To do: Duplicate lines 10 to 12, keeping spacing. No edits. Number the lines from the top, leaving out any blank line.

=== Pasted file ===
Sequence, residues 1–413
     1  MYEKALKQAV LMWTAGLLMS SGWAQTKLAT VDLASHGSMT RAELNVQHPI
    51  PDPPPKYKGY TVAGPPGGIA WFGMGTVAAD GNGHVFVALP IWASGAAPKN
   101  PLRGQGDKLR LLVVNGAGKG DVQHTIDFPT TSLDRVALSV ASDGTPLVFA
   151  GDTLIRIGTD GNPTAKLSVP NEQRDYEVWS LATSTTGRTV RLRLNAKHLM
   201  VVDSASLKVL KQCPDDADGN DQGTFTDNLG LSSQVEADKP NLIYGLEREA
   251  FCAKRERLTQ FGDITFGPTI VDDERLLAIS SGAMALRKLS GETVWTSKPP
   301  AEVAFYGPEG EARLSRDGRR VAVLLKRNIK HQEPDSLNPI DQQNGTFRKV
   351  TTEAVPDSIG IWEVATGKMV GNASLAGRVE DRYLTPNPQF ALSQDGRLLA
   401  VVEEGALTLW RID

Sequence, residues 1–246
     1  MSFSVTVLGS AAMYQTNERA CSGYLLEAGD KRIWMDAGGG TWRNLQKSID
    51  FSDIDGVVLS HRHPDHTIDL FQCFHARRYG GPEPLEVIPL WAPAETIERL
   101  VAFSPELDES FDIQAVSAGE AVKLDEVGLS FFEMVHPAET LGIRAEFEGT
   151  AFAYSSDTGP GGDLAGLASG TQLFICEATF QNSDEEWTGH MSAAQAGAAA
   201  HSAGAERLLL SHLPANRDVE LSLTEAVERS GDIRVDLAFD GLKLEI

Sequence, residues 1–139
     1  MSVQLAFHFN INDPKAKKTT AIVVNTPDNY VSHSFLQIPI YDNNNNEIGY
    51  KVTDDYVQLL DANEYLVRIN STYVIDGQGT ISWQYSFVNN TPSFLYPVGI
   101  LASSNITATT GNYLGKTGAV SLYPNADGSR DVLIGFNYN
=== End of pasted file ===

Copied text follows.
   401  VVEEGALTLW RID

Sequence, residues 1–246
     1  MSFSVTVLGS AAMYQTNERA CSGYLLEAGD KRIWMDAGGG TWRNLQKSID